Runtime: 97 minutes
Director: Kira Kovalenko
Writers: Kira Kovalenko
Actors: Milana Aguzarova, Alik Karaev, Khetag Bibilov, Soslan Khugaev
By Tom Moore
Writer/director Kira Kovalenko’s sophomore feature, “Unclenching the Fists”, is a grounded coming of age tale of a young girl trying to break away from the damaging hold her family has on her.
Just within the first few moments of meeting timid and quiet Ada (Milana Aguzarova), it’s easy to feel how trapped she is within her family. Her father (Alik Karaev) holds a tight grip on her life leaving no options to leave and lead a life of her own. Her younger brother Dakko (Khetag Bibilov) attaches himself to her hip and perpetuates the belief that they cannot leave each other. The only one who presents a glimmer of individuality is her brother Akim (Soslan Khugaev) who has been away for quite some time making it hard for Ada to break out of the mold that she’s been forced into. However, Akim’s sudden return causes waves of conflict throughout Ada’s family causing deeper tension between Ada and her aching desires for freedom to reach a breaking point.
“Unclenching the Fists” has powerful elements to it that make it a coming-of-age tale of breaking past barriers and gaining control of your life. The tense and almost claustrophobic atmosphere of Ada’s life comes through well and Aguzarova’s performance embodies how this upbringing has made her closed-off and sort of afraid of leaving. Even when Akim initially comes back, Ada isn’t fully able to break free and only feels more unnerved by the growing tension between Akim and their father. It’s a solid build-up that leads to some interesting waves in her family’s dynamic as she begins to resist her father’s dictating and attempt to make her own choices going forward.
It’s not only interesting to see how her breaking out not only affects her father as he becomes ill, but also Dakko as he struggles with the idea of his family breaking apart and having to think for himself. Even for this being a momentous moment for Ada, it doesn’t come without hardships that reflect the tight grip Ada’s father had on her. Because of the submissive role she’s been shoved into in life and the lack of personable experience she has with other people, Ada is unfortunately subjected to a lot of tragedy and heartbreak that make her have a broken view of life. This causes Ada to understandably lash out towards her father in his weakened condition and creates a lot of tension that hinders her ability to move forward. However, the themes of letting go and moving past tragedy still come through in Ada’s story and there’s something touching about how Ada finds a way to move forward.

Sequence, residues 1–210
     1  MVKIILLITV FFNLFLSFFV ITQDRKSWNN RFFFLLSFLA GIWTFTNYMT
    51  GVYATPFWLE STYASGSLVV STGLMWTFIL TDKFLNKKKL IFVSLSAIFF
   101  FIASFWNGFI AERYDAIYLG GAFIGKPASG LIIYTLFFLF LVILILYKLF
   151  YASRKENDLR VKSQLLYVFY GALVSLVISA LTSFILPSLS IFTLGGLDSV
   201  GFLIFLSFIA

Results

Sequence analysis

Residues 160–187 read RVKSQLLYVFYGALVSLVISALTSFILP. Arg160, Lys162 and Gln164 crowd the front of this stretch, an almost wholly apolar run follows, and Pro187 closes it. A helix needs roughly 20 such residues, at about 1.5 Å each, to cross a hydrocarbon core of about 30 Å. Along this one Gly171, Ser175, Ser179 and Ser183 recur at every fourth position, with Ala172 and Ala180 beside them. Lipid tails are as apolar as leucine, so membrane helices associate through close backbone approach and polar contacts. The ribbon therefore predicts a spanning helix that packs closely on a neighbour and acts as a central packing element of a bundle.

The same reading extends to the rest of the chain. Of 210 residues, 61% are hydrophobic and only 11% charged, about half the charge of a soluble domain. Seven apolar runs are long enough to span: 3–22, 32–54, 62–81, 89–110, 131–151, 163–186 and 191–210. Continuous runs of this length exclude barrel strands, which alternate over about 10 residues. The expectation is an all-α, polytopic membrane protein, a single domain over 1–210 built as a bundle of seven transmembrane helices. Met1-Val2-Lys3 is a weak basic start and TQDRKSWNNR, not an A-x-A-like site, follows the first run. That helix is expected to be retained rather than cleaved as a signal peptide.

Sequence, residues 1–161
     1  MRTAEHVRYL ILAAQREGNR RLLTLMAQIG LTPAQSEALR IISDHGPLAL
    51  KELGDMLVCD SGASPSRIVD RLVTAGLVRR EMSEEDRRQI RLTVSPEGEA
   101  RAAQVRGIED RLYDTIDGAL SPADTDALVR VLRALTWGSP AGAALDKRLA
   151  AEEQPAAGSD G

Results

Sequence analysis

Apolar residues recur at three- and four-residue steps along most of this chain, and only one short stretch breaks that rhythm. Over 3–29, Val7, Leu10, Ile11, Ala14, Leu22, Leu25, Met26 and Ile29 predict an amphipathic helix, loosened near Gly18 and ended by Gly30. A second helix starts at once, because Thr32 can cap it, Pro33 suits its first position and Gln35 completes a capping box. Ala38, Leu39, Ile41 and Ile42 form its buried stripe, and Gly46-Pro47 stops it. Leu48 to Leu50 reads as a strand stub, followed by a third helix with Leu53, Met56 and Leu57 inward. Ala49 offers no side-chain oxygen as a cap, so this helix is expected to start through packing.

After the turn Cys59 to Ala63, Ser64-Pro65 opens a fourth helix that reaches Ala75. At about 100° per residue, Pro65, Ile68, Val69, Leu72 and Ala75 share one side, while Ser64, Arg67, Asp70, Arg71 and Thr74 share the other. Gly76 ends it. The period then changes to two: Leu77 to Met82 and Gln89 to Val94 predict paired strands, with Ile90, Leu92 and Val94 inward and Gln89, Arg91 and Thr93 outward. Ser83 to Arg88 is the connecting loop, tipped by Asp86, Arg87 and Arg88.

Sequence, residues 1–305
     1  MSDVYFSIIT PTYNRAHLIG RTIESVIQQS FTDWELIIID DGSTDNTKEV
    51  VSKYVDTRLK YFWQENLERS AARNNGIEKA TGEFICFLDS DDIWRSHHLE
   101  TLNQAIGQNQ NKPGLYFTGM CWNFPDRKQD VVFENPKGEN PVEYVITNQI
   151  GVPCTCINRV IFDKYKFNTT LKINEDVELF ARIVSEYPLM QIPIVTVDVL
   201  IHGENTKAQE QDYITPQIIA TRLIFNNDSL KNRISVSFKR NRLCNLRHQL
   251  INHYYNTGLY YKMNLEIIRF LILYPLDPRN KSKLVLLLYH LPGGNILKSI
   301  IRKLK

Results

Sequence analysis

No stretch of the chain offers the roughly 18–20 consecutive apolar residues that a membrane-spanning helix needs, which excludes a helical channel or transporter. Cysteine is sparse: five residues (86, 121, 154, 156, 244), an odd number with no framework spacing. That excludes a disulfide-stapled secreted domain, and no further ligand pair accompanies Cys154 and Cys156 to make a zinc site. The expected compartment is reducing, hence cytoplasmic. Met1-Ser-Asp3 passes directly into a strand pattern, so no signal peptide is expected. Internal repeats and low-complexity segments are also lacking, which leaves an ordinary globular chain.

It’s just a shame these themes and Ada’s story aren’t always the easiest to absorb as the bleak atmosphere and aimlessness of the storytelling create a messy viewing experience. It makes sense that Ada’s story is told in such a bleak way given the environment she’s been raised in, but it’s so bleak that its almost devoid of emotion and can be tough to connect to at times. The narrative also feels totally aimless, so characters just jump in and out of Ada’s story and you never feel like you have a grip on what’s happening and the overall direction of the story. The script is also pretty light as a whole when it comes to characters other than Ada and it doesn’t really feel like we get conclusive arcs or time with understanding other characters.
Some of the camera work also feels a little messy and takes away from the impact of certain scenes where either the camera is too far away from what’s happening or at an angle that doesn’t make big moments, like a car crash, feel as impactful as they should. The final shot sequence of this movie is especially jarring because of how shaky and confusing it is and it muddies up the final impression of Ada breaking out. I’m sure there was some of type of subtle purpose or meaning behind it given its celebratory feel, but it barely translates and just leaves you puzzled.
“Unclenching the Fists’” central coming of age story still maintains its power through a strong performance from Aguzarova and the emotional weight of Ada’s story but ends up being tough to connect to because of some execution faults.